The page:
Supreme Court Says Alabama Can Proceed with Enforcement

Miller testified that he handed over documents four years ago choosing nitrogen hypoxia as his method of execution, placing it through a slot in his cell door at Holman Correctional Facility so that a prison employee can get it back.

On Tuesday, U.S. District Judge R. Austin Huffaker Jr. issued a preliminary injunction restraining the state from killing Miller by any means other than nitrogen hypoxia, after finding it “essentially probable” that Miller “subjected a timely election form even though the state says it has no physical record of a form.

Thursday night’s Supreme Court ruling overturned that injunction at the state’s request.

Although Alabama allowed nitrogen hypoxia as a method of execution, it never did, and the prison system has not finalized procedures for using it to carry out a death sentence.

Miller was visited by family members and a lawyer on Thursday as he waited to see if his execution would go ahead. He was given a food platter that included meatloaf, cart steak, macaroni and fries, the prison system said.

Nitrogen hypoxia is a proposed method of execution in which death would be caused by forcing the inmate to breathe only nitrogen, thereby depriving them of the oxygen needed to maintain bodily functions. It is authorized as a method of execution in three states, but no state has attempted to put an inmate to death by the untested method. Alabama officials told the judge they were working to finalize the protocol.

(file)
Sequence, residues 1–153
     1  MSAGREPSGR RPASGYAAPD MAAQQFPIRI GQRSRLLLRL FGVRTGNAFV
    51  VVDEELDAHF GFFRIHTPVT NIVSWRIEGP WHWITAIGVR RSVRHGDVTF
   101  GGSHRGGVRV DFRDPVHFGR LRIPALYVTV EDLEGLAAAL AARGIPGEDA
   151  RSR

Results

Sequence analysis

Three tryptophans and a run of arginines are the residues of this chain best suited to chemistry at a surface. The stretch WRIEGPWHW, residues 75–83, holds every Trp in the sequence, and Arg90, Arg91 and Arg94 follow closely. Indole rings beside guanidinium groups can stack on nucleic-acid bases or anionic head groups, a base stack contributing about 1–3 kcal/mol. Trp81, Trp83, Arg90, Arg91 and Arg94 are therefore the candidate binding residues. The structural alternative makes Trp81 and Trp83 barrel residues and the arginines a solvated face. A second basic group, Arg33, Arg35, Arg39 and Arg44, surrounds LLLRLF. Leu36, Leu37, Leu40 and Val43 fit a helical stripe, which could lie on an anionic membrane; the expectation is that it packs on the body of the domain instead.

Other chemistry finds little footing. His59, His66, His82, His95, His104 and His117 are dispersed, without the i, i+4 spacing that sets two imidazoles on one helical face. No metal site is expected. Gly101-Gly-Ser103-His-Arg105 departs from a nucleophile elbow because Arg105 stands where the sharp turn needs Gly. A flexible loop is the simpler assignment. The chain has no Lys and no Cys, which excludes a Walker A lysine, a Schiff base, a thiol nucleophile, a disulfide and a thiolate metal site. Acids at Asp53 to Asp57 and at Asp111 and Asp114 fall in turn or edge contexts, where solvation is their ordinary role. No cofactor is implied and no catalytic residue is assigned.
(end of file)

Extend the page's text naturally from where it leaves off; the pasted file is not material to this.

When Alabama approved nitrogen hypoxia as a method of execution in 2018, state law gave inmates a brief window to designate it as their method of execution.

“Just because the state is not yet ready to execute anyone by nitrogen hypoxia does not mean it will harm the state or the public to honor Miller’s timely election for hypoxia By contrast, if an injunction is not issued, Miller will be irrevocably deprived of his choice as to how he dies – a choice the Alabama legislature has granted him,” Huffaker wrote.

Prosecutors said Miller, a delivery truck driver, killed his colleagues Lee Holdbrooks and Scott Yancy at a business in the Birmingham suburbs, then left to shoot former supervisor Terry Jarvis at a business where Miller worked previously. Each man was shot multiple times, and Miller was captured after a freeway chase.

Testimony at trial indicated that Miller believed the men were spreading rumors about him, including that he was gay. A psychiatrist hired by the defense found that Miller suffered from a serious mental illness, but also said that Miller’s condition was not serious enough to form the basis of an insanity defense under the law of the state. ‘State.


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